CDC Eviction Moratorium: What Landlords Need to Know
In September 2020, the Centers for Disease Control and Prevention (CDC) announced the issuance of an order under Section 361 of the Public Health Service Act to temporarily halt residential evictions through December 31, 2020 in an effort to curb the spread of COVID-19.
With this year’s rise in unemployment and stalled talks in Congress to push through a second coronavirus relief bill, the eviction moratorium allows authorities to implement stay-at-home and social distancing directives more easily. The idea behind the order is that by limiting the number of homeless people, shelters can operate in compliance with social distancing guidelines and thereby help prevent the spread of COVID-19 among this vulnerable population, which includes many who suffer from underlying medical conditions.
For landlords, however, the renewed moratorium brings a slew of concerns and uncertainty, so it is important for landlords to understand the rules and their rights for dealing with evictions. Although the order applies nationwide, it is not automatic. To be covered, tenants must write a declaration to the landlord under penalty of perjury.
Filing for Eviction
Landlords can still carry out evictions for reasons other than missed rent payments. These reasons include property damage. While the CDC order temporarily stops evictions for nonpayment, it does not mean overdue rents are forgiven. Once the moratorium expires, tenants may be asked to provide the back rent as a lump-sum payment.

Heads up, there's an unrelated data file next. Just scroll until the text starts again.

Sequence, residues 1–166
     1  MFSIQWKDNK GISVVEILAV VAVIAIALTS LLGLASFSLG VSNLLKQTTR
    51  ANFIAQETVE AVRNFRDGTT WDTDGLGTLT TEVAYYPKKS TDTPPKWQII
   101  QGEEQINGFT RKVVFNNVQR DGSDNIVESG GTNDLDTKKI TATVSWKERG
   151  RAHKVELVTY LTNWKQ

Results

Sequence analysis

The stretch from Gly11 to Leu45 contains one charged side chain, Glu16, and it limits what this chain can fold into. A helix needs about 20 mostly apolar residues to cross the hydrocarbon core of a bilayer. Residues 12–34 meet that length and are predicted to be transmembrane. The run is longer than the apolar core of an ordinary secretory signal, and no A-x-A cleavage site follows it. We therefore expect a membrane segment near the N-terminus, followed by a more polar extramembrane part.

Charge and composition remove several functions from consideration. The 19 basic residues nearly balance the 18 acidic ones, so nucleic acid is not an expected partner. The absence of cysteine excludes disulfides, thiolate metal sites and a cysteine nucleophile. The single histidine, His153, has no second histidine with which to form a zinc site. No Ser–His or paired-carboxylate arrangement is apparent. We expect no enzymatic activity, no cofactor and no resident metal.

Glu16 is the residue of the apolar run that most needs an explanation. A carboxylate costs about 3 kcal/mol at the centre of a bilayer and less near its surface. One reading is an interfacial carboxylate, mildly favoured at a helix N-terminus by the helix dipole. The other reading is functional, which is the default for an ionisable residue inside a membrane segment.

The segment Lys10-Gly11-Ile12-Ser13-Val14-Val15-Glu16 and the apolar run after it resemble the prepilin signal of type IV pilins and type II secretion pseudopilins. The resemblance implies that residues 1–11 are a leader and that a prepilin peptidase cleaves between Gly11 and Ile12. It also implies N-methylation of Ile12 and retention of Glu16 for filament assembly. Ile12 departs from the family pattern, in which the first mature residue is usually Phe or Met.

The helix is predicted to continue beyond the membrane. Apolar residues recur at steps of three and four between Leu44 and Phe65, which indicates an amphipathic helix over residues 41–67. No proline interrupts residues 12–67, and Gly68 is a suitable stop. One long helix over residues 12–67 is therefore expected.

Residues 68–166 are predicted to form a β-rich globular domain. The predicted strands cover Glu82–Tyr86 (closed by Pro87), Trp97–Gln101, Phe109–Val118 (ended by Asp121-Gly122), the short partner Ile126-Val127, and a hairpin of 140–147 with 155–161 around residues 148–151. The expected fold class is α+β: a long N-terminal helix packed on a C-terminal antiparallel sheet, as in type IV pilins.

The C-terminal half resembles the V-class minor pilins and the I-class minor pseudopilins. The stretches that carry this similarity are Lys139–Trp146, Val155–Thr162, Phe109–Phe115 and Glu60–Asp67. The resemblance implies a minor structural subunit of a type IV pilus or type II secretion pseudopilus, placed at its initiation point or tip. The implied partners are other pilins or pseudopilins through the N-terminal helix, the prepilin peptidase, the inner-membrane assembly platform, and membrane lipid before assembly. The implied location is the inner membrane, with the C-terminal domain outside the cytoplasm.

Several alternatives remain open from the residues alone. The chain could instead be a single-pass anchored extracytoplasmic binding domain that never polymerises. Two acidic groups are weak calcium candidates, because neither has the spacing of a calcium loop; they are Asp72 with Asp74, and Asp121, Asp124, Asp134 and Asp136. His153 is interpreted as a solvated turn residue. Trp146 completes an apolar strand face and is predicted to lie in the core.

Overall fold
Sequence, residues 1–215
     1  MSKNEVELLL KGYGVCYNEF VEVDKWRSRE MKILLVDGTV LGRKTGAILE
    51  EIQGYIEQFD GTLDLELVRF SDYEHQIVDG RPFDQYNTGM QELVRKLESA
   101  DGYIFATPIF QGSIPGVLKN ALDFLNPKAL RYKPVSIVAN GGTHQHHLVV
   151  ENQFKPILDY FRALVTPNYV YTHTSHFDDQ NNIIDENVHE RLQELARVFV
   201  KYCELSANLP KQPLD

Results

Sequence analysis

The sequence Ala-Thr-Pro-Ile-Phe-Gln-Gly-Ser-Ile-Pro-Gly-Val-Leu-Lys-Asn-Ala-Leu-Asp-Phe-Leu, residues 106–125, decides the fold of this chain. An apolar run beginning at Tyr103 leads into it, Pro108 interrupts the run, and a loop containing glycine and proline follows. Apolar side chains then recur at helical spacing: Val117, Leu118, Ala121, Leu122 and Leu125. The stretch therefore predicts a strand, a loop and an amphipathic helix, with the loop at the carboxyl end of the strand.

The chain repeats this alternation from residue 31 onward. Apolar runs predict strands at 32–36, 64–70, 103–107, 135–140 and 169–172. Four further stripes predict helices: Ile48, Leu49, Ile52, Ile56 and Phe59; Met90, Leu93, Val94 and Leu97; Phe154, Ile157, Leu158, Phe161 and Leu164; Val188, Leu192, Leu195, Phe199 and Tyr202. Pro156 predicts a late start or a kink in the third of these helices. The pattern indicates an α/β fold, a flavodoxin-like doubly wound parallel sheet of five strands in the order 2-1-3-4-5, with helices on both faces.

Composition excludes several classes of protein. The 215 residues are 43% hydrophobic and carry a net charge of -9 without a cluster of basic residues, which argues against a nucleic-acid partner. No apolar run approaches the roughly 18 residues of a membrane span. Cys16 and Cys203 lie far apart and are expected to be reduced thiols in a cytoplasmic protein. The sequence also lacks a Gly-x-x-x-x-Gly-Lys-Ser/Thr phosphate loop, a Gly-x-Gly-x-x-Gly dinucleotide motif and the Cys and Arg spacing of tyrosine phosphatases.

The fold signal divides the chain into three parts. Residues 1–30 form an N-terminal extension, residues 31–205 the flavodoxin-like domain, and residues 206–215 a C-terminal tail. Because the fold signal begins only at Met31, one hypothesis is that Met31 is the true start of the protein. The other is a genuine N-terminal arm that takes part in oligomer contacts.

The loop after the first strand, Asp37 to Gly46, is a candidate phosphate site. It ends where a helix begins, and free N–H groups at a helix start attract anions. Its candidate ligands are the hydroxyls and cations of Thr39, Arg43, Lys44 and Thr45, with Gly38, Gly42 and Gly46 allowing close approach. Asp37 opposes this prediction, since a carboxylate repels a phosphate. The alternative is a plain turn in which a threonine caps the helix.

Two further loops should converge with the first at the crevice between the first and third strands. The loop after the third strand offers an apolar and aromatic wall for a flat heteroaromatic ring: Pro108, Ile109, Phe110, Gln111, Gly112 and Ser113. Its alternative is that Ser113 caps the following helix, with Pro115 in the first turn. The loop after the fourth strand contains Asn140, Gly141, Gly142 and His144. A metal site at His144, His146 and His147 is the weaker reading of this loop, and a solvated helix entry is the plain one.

Suing for Rent
While the eviction moratorium is in place, landlords can still sue tenants for rent. When landlords file a lawsuit in Small Claims Court, the judge will weigh in on the case and determine the amount due on the lease. Once a judgment is rendered, the landlord can garnish wages or go after the tenant’s bank accounts.
Many landlords have been left to wonder if month-to-month leases would be better under the current circumstances. In general, terminating a month-to-month lease is permissible as long as the landlord gives the tenant at least a month’s notice. Keep in mind, however, that some municipalities and states have passed temporary rules that prohibit landlords from evicting tenants — no matter the terms of the lease — and restrict landlords from giving tenants termination notices.
Communication and Documentation
Landlords and property managers should maintain frequent communication with their tenants. Putting all agreements in some form of writing will help landlords avoid headaches down the road. Text messages should be printed out if they are to be used as evidence of an agreement. Additionally, some lawyers advise landlords to add a clause into rental agreements that holds tenants’ failure to communicate as evidence of a non-monetary default on the lease.
Using Your Voice
It’s not a good idea to push for evictions before the moratorium expires. Violators may be fined up to $250,000 and face up to a year in jail. The best way for landlords to make their voices heard is by letting their Congressmen know if they believe the CDC order isn’t fair. The National Real Estate Investors Association has an ongoing advocacy campaign opposing the CDC eviction moratorium.